During her time on the Supreme Court, Ginsburg became the leader of the Court’s liberal wing, which consisted of Ginsburg, Stephen Breyer, Elena Kagan, and Sonia Sotomayor. That didn’t stop her from developing an amiable relationship with Justice Antonin Scalia, a staunch conservative. Although they hardly ever agreed on controversial issues, the two were often seen together in public. 

“I crave that ability for a conservative and a liberal to fight over what should be argued over but then continue to recognize each other’s humanity more empathetically,” said Monahan. “[Ginsburg’s] memory means so much to a lot of people because we are in a time where it seems as hard as ever to have those same conversations where we can remain friends with people we might disagree with.”

Ginsburg’s death has left a vacancy in the Court that carries strong implications for who will fill the seat, when it will happen, and how a new justice will affect the Court. On Sept. 26, President Trump announced Amy Coney Barrett as his Supreme Court nominee. Confirmation hearings are set for Oct. 12 to Oct. 16, and if Barrett is confirmed, the Supreme Court will have a conservative 6-3 majority.

Numerous judicial vacancies have been filled during election years throughout America’s history. However, at the end of President Barack Obama’s second term, eight months before the election, Merrick Garland’s nomination to fill a vacancy in the Court was blocked by a Republican Senate. Now, one month before the election, Democrats are criticizing President Trump and Republicans for moving forward with the nomination so close to the election.

”The recency of Mitch McConnell not even giving Merrick Garland a hearing and the scale of the difference, eight months versus one month between the nomination and the election, just seems pretty unfair to a lot of people,” said Monahan.

Fleischmann agrees, saying that the blocking of a new Supreme Court justice during Obama’s term set a precedent and that precedent should be followed. 

“To change that [precedent] now, when we are a month away from election, would be disastrous,” said Fleischmann. “If we change precedent and policy depending on who is in power, we set a really dangerous system for the United States. Our systems are unfair if we change them depending on who’s in power.”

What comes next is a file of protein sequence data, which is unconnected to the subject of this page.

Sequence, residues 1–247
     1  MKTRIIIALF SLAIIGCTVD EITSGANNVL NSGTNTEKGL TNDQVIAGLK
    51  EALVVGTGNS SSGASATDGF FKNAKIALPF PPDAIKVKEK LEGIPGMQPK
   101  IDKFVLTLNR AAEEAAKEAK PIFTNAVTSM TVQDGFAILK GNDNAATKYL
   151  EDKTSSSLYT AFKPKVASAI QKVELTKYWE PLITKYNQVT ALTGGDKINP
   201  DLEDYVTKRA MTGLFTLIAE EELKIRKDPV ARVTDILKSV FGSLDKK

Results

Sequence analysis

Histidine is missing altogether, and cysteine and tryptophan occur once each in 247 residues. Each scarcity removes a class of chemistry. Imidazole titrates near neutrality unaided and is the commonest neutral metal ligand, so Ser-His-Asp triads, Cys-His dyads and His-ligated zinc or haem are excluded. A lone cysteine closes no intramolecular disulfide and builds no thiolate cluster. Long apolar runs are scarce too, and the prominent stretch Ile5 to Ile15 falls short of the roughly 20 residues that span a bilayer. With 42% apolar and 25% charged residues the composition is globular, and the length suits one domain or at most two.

On the other hand, many people believe that the nomination should continue. 

“[The Republican Senate] had every right to block [Obama’s nomination], and since the Senate and White House are of the same party this time, they have every right to push it through” said junior Andrew Thompson, a leader of the Young Conservatives Club. 

Kelly agrees with this point, citing presidential responsibility as another reason to support a nomination to replace Ginsburg before the election.

“Trump has a constitutional obligation to select someone and elect them to the Supreme Court, so he should move ahead and do it because if it was the other way around, I can’t imagine the Democrats waiting,” said Kelly. “According to the Constitution, the leader of our country is expected to fill the position when it is vacant, so does it really matter that the election is only a month away? Elections have consequences, and, as such, whether you’re a Democratic president or a Republican president, you have a responsibility, according to the Constitution, to fill that spot when it is vacant.”

Many have expressed concern that a confirmation of Amy Coney Barrett will make the Supreme Court more conservative. 

“Ginsburg and Barrett are so ideologically different,” said Fleischmann. “Barrett will push a conservative Supreme Court to backtrack on liberal policies.”

Others, including Kelly and Thompson, support Barrett’s nomination on the basis of her originalist perspective on interpreting the Constitution.

Despite whether or not they support Barrett’s potential appointment as a Court justice or agree with all of Ginsburg’s ideological views and rulings, many members of the Westminster community agree that Ginsburg made a lasting contribution to gender equality.

“She was an amazing person who really changed the way everyday life looks for women,” said Fleischmann.